I’ve been reading in the Old Testament. I was interested in David, so I started with 1st and 2nd Samuel. To set the stage, 1st and 2nd Samuel follows the books of Joshua and Judges. Joshua tells the story of the Israelites entering the promised land (Canaan) after their delivery from Egyptian slavery and 40-year sojourn through the desert. Judges describes leadership by several judges, including my personal favorite, Samson. 1st and 2nd Samuel marks a pivotal time in the nation’s history. This is when they moved from a God-king arrangement to a man-king scenario. The first king was Saul; David was the next.
1st and 2nd Kings follows 1st and 2nd Samuel and tells the story of the post-David kings, starting with his son Solomon and degenerating into a succession of kings who departed from God-worship and embraced idol-worship. It’s not a good time in the now divided nation: Judah in the south and Israel in the north. The evil Ahab is the current king of Israel in 1 Kings 16.
In 1 Kings 17, we are introduced to a new character, Elijah. Elijah was a prophet that God used to redirect Israel from idolatry back to God-worship. This chapter is simply amazing. Let’s camp there for a bit. Here’s the sequence of events from this single chapter.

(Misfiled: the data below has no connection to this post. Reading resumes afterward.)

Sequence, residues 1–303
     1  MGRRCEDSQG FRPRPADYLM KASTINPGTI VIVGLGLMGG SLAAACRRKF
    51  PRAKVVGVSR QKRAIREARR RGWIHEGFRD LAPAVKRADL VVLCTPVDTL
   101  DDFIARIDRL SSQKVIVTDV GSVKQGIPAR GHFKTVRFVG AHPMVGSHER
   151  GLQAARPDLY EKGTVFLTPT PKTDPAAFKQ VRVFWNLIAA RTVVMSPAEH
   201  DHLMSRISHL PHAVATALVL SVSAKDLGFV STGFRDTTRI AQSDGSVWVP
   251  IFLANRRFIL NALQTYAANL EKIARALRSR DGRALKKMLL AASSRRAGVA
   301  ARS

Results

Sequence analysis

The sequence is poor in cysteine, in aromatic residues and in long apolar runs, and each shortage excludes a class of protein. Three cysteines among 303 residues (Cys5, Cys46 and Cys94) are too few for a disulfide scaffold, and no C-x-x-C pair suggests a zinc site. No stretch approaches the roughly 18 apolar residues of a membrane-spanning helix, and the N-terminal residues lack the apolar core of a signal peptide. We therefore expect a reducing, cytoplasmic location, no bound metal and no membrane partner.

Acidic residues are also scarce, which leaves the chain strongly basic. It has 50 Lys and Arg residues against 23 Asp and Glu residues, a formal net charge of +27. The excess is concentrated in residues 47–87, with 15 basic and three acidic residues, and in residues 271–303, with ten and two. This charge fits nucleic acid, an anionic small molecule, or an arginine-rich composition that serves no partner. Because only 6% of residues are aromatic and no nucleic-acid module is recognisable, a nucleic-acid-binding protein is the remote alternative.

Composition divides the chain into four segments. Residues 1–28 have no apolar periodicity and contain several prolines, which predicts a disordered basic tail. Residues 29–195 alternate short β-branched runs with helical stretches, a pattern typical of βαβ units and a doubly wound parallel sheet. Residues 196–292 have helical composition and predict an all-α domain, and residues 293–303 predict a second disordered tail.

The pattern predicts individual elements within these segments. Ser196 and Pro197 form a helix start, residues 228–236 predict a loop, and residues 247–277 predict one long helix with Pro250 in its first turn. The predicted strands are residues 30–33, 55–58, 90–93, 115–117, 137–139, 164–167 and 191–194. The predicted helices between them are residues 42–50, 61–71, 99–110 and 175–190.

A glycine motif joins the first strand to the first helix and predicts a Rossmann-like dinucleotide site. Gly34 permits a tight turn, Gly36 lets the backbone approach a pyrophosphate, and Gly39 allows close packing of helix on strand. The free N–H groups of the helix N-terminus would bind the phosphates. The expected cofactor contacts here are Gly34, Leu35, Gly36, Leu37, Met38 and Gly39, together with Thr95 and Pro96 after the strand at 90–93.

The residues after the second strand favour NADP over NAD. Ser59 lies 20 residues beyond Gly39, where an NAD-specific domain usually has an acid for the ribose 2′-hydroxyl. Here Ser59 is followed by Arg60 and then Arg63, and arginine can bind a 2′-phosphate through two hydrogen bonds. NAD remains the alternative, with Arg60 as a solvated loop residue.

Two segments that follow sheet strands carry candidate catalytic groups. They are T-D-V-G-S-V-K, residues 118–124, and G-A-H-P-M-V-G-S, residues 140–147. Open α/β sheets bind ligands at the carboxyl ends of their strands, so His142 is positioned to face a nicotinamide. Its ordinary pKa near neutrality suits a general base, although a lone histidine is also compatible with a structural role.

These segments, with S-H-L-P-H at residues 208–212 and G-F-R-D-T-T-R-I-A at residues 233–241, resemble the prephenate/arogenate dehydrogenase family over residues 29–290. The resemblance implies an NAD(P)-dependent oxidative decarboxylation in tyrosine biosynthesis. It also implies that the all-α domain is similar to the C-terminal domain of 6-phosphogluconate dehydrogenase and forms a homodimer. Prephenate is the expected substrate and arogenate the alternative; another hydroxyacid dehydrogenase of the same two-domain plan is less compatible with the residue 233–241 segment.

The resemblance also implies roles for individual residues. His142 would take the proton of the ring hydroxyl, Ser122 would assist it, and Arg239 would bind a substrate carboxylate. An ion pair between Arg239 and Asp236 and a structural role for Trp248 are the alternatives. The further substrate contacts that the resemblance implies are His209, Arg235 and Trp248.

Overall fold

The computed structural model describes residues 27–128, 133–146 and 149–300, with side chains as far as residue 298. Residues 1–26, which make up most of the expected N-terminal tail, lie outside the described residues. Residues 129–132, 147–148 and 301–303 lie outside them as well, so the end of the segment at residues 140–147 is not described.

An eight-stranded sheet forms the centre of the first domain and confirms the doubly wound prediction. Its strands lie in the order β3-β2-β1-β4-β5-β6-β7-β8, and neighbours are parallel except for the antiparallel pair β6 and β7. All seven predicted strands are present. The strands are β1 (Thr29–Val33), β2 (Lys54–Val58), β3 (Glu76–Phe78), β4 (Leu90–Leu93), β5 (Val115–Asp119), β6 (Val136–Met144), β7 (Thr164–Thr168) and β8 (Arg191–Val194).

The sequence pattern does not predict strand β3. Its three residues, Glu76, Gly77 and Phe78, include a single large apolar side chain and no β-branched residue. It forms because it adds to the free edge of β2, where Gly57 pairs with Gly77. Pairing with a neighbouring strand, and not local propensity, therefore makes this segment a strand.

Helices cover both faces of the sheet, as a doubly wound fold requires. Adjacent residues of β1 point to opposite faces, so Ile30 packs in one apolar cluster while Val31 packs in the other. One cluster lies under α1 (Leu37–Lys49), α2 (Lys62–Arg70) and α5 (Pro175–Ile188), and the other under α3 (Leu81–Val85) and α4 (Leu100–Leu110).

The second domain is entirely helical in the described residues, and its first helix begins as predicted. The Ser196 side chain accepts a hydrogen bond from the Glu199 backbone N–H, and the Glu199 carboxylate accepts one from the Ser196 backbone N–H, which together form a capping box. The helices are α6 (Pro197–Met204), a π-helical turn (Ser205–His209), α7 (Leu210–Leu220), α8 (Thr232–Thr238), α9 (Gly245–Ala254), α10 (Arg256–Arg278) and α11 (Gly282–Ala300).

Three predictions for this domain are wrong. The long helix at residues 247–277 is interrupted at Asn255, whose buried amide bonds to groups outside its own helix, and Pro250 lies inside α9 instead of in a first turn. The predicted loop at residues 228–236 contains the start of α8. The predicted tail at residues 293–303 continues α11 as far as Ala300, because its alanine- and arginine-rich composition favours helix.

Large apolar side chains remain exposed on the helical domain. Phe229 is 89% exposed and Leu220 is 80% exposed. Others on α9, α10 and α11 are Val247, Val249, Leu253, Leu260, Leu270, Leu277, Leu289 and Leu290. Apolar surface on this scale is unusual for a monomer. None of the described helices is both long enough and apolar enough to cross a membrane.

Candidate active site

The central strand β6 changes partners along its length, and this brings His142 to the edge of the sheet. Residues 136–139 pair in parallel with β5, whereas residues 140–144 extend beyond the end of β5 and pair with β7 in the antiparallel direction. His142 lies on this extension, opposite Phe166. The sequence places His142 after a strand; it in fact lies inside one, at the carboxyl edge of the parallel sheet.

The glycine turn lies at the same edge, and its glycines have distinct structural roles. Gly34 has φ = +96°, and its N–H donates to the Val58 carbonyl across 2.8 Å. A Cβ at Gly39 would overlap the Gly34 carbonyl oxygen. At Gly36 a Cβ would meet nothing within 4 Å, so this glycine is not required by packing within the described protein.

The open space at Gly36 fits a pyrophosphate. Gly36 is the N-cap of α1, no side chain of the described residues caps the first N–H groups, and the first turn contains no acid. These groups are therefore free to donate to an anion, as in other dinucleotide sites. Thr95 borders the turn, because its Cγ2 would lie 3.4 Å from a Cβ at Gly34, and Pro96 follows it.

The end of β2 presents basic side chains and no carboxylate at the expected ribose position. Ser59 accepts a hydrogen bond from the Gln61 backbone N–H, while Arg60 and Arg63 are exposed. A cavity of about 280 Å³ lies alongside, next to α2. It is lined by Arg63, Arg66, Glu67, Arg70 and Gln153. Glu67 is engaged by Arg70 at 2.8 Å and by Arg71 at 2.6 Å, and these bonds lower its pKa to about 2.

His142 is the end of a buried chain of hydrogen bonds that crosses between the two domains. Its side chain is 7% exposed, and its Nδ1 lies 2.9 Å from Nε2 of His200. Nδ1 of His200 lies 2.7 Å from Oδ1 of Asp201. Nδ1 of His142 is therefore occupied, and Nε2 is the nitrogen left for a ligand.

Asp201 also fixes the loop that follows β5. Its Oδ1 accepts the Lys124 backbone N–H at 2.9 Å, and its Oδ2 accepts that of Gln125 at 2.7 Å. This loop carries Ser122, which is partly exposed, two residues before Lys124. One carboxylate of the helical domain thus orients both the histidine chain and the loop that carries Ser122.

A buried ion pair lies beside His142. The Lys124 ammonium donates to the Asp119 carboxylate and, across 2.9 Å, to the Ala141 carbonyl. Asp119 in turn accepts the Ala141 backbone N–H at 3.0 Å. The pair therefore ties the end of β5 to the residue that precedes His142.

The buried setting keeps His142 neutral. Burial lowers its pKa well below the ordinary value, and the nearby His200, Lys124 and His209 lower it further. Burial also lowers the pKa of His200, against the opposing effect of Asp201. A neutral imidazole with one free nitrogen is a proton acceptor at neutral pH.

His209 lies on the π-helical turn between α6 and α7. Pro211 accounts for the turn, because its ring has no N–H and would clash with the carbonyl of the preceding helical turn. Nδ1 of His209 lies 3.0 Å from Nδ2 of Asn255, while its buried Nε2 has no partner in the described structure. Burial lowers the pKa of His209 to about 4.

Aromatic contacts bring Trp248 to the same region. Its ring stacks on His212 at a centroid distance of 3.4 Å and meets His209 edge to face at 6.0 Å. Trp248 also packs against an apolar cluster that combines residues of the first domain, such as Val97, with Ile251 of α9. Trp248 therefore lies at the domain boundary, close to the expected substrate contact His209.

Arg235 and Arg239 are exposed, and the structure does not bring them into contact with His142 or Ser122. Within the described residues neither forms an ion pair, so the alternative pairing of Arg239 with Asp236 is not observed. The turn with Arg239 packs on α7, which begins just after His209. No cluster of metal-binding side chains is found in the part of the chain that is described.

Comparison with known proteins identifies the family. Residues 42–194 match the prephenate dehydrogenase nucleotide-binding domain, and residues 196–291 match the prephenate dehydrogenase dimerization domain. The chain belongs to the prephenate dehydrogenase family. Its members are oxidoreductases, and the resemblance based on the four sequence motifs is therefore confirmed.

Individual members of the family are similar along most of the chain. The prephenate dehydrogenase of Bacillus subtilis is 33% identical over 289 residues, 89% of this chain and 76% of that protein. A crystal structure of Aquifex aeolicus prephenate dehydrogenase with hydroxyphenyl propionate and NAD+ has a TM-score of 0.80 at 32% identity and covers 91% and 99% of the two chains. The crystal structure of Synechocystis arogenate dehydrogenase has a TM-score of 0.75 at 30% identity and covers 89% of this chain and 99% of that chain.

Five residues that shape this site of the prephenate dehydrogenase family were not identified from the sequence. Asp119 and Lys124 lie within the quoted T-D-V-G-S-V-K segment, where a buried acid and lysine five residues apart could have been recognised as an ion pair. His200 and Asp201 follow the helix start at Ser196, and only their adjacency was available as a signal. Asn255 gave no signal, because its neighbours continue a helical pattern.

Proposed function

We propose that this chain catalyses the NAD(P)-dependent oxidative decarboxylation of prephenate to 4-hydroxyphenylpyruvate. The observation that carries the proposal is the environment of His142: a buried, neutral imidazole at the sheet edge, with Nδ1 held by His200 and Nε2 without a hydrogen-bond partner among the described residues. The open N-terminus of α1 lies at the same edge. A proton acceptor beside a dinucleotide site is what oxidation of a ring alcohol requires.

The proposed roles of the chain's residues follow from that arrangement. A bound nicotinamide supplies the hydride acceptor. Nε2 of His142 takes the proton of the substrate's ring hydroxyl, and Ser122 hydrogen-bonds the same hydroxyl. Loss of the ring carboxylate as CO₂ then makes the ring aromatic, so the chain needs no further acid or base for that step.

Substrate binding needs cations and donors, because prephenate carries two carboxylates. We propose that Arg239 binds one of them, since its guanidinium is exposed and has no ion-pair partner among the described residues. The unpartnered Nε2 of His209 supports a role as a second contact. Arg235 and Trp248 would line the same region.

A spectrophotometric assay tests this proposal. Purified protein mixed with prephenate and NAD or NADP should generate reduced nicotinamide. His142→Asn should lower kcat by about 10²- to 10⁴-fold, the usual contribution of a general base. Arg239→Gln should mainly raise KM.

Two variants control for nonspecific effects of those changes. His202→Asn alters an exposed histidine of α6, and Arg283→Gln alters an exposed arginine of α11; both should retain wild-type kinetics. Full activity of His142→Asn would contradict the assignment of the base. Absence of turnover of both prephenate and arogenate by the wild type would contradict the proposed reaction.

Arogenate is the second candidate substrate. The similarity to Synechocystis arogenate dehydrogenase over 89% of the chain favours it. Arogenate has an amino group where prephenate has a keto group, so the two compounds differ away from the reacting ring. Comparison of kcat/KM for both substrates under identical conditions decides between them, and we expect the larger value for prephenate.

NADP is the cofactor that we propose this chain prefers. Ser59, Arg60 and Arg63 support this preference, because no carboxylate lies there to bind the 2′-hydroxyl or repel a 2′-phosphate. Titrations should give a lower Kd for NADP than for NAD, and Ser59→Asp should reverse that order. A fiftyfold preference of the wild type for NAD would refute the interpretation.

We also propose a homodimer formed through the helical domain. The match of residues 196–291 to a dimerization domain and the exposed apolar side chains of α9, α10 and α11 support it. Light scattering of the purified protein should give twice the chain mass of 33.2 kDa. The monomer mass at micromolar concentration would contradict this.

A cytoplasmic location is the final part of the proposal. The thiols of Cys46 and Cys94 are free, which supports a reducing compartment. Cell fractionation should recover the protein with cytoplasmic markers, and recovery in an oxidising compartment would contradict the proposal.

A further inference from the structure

- Elijah announces a drought. No rain, no dew for three years.
- God instructs him to hide east of the Jordan (that’s the “other” side from the promised land). The drought is not especially popular, especially with Ahab.
- God sends the ravens to feed Elijah meat and bread each morning and evening; Elijah drinks water from a brook.
- The brook dries up. God sends Elijah to a widow with a young son.
- God provides sufficient oil and flour for the widow to feed him, as well as herself and her son. There is always just enough oil and flour for the day. No more, no less.
- The woman’s son gets sick and dies. She blames Elijah.
- Elijah prays to bring him back to life and God answers with a miracle. Elijah does this alone, just God, the boy, and him.
What can we learn?
- Prayer matters to God. He answers.
- God provides. Always. Caveat: it may not be in the way we prefer or imagine. The ravens may bring your meat.
- When we help, do it just to help, not for recognition or praise.
What do you suppose happens next? Read 1 Kings 18. Spoiler alert: Elijah faces Ahab. Fire and rain ensues.